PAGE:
China’s stock exchange, also dubbed “Uncle Xi’s bull market,” has been rallying for more than a year. Yet after having tripled since mid-2014—for no clear reason other than government calls to opt in—benchmark indices for the Shanghai and Shenzhen stock exchanges peaked on June 12th and then plunged by around 30%. What led to the fall remains unclear. While regulators have attempted to tighten the rules on margin trading, this seems like an unlikely cause to the sell-off. On the contrary, the government has, overall, been supportive of the market, be it through interest rate and reserve requirement ratio cuts or plans to cut the stamp duty on stock deals.
Indeed, when panic seemed to be hitting the market, the Chinese government stepped in to stabilize it. The central bank cut interest rates in a bid to halt the slide, but it was too little and too late. And when that didn’t work, The China Securities Regulatory Commission (CSRC) halted IPOs and forced the country’s 21 largest brokerage firms to launch a “balance fund” worth Rmb120bn (US$19.3bn) to support the market. This, too, was not enough to stem the fall. The CSRC also quadrupled the capital of the China Securities Finance Company—a state body which extends margin financing to brokers—from RMB 25 bn to RMB100bn but the following week, when the market was still in freefall, the central bank pledged to help maintain market stability, and Chinese stock regulators banned company officers and major shareholders from selling shares in listed companies. Each measure by itself was not enough, but the combination was too much, and investors smelled panic.
The government’s aggressive response has highlighted that stakes are very high. The leadership’s credibility is on the line. For the past year, Beijing has been promising implicitly that the bull-run would continue. Yet as market forces began defying the leadership, it was stuck between a rock and a hard place: It didn’t have the stomach to let market forces play out, but it was unsuccessful in propping up the market fast enough to stem the panic.
Keep calm and carry on
The political nature of the stock market crash is further highlighted by the fact that the short-term economic fallout is limited. For one, there has been a clear disconnect between economic fundamentals and the stock market: This disconnect was just as palpable when the market was making dramatic gains as it is in the current bearish sentiment. Valuations were surging as the economy was slowing, and the market is now falling just as economic growth seems to be stabilizing. Second, the rally of the past year has not led to discernible increases in consumption or investment. This would suggest that a fall in valuations would also have limited negative impact on wealth and financing. Third, the value of freely floating shares is roughly 30% of GDP, against more than 100% in most rich countries. Stocks represent less than 15% of household financial assets, while equity issuance accounts for less than 5% of total social financing. Retail investors in the market—estimated at around 90 million—are still a relatively small constituency (though they outnumber Communist Party members!) and the ones that joined the bull-run before May have already made sizeable profits. Benchmark indices for the Shanghai and Shenzhen stock exchanges are still around double what they were at this point last year. Finally, while RMB 4 trillion in losses is extremely painful, it has come from brokers, not the banks, and still pales in comparison to the RMB 90 trn debt in the banking system.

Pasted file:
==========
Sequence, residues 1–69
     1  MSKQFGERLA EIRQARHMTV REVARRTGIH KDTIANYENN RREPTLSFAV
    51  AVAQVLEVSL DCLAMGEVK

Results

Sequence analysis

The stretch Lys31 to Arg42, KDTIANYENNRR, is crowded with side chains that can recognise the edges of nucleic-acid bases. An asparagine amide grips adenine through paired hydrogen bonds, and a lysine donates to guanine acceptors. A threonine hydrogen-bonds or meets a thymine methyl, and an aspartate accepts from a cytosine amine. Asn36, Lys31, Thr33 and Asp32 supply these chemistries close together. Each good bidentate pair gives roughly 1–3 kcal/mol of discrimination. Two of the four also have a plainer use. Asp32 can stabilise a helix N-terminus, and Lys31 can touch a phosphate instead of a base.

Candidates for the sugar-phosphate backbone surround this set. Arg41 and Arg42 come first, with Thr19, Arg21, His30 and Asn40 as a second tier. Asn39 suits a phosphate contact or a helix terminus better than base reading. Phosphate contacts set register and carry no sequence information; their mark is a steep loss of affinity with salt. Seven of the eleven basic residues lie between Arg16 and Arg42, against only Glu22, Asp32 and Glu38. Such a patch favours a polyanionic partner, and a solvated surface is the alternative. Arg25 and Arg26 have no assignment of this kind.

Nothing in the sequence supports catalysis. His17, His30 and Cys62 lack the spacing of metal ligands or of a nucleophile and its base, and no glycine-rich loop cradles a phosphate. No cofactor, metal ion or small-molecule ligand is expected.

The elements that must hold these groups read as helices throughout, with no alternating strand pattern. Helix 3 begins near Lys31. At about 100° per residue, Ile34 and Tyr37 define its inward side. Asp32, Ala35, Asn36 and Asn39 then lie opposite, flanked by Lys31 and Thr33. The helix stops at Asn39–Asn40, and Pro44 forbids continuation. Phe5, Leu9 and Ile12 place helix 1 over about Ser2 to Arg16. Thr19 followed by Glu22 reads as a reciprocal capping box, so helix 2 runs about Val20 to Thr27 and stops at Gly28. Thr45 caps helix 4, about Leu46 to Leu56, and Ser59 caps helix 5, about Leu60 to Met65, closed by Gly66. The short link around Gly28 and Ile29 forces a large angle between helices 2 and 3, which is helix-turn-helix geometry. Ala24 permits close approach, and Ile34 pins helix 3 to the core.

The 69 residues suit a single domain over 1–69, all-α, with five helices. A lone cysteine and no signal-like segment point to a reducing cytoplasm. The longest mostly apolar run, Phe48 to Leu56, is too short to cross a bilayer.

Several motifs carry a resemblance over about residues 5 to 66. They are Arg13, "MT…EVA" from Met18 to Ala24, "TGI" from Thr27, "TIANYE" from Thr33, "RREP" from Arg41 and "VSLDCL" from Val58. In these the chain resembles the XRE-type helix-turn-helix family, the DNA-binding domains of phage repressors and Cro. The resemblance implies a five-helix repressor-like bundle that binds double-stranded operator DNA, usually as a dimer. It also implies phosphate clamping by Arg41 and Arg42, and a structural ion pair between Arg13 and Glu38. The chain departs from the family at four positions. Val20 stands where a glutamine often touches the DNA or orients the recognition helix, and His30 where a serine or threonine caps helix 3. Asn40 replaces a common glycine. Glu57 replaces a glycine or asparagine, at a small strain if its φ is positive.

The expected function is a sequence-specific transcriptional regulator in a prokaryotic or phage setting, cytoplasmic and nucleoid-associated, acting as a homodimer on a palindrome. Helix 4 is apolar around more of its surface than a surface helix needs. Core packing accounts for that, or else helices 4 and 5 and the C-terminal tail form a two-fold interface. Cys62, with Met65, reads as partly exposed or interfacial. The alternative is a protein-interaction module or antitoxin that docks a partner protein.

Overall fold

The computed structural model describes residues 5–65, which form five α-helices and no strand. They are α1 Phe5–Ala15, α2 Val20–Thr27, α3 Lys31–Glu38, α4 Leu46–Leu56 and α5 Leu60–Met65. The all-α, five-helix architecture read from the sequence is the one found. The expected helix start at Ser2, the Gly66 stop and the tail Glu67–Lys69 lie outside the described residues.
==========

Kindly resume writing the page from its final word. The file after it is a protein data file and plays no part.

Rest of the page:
Nonetheless, the government needs to stabilize the market that it has so clearly associated with Xi Jinping’s “China Dream,” and restore confidence in its ability to manage the economy. As such, the next few weeks will be volatile, but extremely significant indicators of the longer term trajectory.
Beijing’s decision to handhold the market runs counter to the pledges it made during the 3rd Plenum in November 2013 to let markets play a “decisive” role in the economy.The government’s plan to make the stock markets driven by market fundamentals now seem aspirational, and the suspension of IPOs will slow efforts to use the market raise financing for firms. And there will be political scapegoats for the stock market fiasco. It remains to be seen whether they are found among the “short sellers and market manipulators,” in the securities regulator, or higher up. There is a real risk that financial sector reform slows down if regulators fear that heads are about to roll.
The government must therefore decide if it is willing to sit by and let market forces deflate the overheated stock market, or if they take more calibrated measures to stem the fall. Ultimately, Beijing will do both, but finding the right balance could take weeks, even months. And at the end of this process, the stock market is likely to regain its footing and find more sustainable growth momentum.
More importantly, the government must decide if it continues its efforts to open the capital account and liberalize the exchange rate—key elements of Beijing’s reform agenda that will lead to deeper and more effective markets in the long run. While the process may now take longer than initially expected, the next few months will be indicative of whether or not the rationale behind the reform agenda has changed. It shouldn’t. And if the government sticks to it, the official press will turn out to have been extremely prescient when it said this week that, “rainbows appear after the rain”. Failure to pursue these changes, however, will prove to be an even bigger blow to the government’s credibility.